Chromebook Pixel Designed to Fail

2012-06-26 09.42.15

It’s funny, but sometimes you’d think that some projects were designed to fail. Take, for example, the Google Chromebook Pixel (not pictured here). It aims to be a handsome, sleek, notebook like the MacBook Air (yes, that’s the one pictured here), yet failing quite miserably. The Chromebook Pixel does quite successfully eclipse the MacBook Air in being more expensive.

Let’s face it. The Chromebook Pixel costs more than the MacBook Air (US$1299 vs US$1199), yet has just a miserable 32GB of local storage, and an OS that depends on the Internet to run. It’s a full-fledged notebook, at least in terms of hardware, but without the software that you’d typically use a notebook for. It should probably be priced like a premium tablet. US$1199 seems pretty much to pay for a notebook that doesn’t work like a notebook.

The stellar hardware specification of the Chromebook Pixel is its retina display resolution of 2560×1700. Apple hasn’t done retina resolution yet on its MacBook Air. Apart from the display, the Chomebook Pixel is pretty much hardware-wise what you’d expect from any other great notebook. Except, well, in its severe lack of local storage. It comes with just 32GB of flash storage in the basic model, although you get 1TB of cloud based storage from Google Drive. A higher-end model with 64GB of flash storage and LTE modem built in carries a US$1449 price tag.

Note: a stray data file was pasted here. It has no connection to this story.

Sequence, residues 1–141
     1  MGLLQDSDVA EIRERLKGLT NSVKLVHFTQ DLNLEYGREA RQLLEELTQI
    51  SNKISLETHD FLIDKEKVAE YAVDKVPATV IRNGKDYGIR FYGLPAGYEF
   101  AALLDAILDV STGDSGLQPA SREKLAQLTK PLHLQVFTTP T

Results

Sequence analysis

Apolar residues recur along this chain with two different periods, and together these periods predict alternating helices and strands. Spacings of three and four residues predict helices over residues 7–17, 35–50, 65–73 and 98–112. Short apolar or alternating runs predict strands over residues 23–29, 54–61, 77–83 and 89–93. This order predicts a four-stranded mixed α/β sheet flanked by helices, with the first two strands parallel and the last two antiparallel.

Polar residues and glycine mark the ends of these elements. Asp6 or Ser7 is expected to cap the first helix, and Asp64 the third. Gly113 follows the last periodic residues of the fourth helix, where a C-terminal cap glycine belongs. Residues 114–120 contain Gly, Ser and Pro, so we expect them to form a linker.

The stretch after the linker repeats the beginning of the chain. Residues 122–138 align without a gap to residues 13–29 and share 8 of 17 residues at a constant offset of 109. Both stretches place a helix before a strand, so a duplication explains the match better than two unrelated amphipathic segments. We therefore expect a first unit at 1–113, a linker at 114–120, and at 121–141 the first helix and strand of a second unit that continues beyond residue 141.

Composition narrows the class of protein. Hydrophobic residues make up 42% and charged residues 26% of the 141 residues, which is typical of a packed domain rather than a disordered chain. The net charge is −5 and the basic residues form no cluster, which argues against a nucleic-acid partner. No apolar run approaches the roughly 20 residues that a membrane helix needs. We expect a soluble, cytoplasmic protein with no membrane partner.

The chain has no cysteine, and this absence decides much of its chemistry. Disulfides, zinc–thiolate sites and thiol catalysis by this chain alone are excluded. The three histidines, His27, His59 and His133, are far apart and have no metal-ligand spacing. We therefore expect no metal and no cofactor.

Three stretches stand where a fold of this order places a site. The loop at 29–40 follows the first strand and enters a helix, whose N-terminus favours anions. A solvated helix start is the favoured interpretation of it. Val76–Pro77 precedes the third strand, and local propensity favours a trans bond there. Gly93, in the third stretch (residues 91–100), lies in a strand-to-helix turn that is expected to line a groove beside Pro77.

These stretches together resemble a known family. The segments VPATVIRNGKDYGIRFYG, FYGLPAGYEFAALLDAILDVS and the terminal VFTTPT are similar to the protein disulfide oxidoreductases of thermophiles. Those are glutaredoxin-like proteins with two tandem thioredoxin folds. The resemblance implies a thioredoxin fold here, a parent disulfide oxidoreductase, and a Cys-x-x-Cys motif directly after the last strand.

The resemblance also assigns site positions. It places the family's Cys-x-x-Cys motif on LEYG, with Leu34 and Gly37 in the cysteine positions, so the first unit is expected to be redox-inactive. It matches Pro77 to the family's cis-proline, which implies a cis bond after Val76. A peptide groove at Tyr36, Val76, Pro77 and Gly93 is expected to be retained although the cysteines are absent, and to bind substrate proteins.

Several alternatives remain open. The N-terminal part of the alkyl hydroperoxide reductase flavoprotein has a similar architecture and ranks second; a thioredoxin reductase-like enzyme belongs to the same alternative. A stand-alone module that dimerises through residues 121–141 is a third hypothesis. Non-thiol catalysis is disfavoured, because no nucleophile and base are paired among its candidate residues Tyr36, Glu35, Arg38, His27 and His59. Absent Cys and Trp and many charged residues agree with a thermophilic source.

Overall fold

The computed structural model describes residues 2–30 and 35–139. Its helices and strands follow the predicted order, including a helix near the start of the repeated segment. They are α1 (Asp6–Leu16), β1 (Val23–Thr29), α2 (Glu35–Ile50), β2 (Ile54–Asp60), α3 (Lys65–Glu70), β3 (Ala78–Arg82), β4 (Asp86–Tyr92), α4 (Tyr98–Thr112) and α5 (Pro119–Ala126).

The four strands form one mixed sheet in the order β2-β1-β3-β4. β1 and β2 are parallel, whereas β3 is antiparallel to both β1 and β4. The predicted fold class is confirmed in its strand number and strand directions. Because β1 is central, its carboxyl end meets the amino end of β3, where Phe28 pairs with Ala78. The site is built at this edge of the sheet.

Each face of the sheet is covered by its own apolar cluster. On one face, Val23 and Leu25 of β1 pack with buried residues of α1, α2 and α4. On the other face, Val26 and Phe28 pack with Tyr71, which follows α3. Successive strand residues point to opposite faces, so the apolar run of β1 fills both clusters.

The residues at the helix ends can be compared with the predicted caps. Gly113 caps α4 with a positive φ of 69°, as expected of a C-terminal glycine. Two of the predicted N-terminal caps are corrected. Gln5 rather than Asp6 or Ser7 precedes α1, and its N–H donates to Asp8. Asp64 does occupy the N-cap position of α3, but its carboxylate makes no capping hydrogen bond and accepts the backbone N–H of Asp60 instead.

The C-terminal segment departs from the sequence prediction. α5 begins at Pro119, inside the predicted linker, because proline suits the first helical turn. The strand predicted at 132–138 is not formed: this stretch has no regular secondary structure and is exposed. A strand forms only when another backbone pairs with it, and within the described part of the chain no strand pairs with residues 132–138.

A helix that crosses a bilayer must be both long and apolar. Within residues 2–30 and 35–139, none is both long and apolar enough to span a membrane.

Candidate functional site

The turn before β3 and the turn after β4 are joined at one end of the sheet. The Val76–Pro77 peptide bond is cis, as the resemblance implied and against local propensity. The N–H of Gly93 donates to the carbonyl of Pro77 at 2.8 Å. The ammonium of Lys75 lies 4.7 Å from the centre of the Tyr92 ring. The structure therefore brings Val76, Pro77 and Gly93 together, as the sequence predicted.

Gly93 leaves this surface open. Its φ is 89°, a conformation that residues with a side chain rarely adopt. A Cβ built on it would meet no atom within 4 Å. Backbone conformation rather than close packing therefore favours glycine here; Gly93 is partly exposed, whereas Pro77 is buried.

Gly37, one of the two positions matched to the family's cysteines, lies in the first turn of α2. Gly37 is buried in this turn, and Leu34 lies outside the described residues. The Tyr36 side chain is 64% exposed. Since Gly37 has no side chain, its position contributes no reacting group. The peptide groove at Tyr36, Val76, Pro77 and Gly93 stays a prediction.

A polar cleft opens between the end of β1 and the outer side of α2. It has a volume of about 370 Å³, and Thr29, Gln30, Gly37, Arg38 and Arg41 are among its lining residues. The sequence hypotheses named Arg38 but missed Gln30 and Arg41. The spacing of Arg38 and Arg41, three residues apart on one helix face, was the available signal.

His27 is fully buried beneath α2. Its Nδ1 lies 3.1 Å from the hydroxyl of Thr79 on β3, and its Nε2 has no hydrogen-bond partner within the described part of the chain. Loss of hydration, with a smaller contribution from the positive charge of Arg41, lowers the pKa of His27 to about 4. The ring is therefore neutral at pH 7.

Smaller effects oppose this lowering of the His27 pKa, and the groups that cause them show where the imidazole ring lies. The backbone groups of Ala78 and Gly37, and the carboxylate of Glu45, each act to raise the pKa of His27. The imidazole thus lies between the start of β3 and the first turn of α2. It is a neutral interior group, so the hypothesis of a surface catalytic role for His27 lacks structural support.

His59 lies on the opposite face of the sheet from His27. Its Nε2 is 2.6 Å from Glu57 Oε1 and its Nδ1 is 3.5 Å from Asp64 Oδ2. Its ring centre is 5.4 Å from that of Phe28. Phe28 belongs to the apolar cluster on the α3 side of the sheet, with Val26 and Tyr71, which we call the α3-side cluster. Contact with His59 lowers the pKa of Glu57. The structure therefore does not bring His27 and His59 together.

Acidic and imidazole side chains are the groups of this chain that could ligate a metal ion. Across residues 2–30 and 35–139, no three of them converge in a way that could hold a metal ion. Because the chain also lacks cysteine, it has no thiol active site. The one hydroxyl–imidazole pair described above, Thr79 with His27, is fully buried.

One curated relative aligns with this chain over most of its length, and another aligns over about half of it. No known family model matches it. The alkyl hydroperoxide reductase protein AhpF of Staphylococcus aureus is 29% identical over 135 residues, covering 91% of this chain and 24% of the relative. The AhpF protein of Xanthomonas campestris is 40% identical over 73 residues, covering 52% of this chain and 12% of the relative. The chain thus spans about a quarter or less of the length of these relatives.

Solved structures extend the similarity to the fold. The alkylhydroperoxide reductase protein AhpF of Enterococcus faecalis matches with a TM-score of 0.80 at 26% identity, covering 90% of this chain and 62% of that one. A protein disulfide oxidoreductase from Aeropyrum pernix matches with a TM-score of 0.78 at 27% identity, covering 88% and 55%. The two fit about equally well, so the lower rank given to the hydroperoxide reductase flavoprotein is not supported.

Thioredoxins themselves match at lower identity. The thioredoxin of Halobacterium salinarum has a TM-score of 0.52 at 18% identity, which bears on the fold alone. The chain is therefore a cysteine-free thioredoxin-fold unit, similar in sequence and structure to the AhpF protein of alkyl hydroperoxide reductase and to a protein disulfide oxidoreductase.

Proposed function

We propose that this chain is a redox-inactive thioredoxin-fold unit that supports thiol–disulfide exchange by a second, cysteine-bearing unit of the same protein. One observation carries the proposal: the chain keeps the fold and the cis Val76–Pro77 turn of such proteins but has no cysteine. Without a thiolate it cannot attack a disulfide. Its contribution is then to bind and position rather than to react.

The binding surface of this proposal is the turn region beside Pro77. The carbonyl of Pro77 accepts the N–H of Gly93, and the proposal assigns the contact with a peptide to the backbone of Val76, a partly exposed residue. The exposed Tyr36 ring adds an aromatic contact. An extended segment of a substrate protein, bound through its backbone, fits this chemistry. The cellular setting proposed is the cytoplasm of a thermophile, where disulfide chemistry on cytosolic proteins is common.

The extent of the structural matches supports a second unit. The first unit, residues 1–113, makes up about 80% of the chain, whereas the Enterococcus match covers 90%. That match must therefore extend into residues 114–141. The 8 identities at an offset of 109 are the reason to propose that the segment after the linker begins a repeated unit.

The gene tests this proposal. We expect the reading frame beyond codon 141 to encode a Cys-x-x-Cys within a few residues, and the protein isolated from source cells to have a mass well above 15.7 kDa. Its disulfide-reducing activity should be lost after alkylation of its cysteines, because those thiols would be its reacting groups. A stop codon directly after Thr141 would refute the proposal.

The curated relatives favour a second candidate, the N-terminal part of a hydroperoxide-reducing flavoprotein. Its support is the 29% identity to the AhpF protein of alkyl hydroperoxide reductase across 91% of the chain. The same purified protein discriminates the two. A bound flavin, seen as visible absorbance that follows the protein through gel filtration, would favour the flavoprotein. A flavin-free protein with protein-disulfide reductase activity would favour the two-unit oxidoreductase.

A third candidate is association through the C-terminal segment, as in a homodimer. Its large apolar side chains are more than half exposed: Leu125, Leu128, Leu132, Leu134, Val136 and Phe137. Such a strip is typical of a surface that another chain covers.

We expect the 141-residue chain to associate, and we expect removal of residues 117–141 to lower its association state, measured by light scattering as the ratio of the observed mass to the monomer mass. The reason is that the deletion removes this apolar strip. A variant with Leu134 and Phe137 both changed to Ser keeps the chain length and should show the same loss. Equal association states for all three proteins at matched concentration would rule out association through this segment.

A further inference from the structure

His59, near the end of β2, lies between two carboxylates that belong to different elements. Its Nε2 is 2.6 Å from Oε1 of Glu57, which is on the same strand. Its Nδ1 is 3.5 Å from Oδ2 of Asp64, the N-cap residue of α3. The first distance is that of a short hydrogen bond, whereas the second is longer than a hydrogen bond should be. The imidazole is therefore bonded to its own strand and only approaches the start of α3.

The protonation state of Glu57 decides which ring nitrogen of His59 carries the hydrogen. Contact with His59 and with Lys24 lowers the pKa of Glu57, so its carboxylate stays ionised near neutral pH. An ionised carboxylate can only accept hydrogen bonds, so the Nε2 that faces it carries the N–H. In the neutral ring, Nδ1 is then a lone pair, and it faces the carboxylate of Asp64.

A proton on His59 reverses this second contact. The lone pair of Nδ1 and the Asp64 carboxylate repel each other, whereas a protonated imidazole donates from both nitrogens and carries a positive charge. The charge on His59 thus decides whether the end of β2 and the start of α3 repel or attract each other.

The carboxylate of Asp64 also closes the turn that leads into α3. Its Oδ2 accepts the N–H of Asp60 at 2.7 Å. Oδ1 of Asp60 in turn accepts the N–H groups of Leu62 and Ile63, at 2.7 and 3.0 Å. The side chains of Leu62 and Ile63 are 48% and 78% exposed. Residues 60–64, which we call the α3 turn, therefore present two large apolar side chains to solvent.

The Chromebook Pixel looks pretty good. Not quite like the way the MacBook Air is, but pretty good enough. It could be a pretty good alternative to the MacBook Air if you like a pretty looking notebook, but aren’t interested in OS X. Or you really think you need the 2560×1700 resolution retina display.

What if being somewhat permanently tethered to the Internet isn’t your cup of tea? Well, you could dump Chrome OS and probably get Linux to run in its place. Or perhaps maybe even Windows. Oh, but the paltry 32GB of flash storage could leave you with little space left after the OS is installed.

See what I mean, I’m not sure what exactly the Chromebook Pixel is good for, or who is the targeted user.

I have, for several times now, seriously considered a Chromebook. I’m still not convinced it could replace my regular notebook.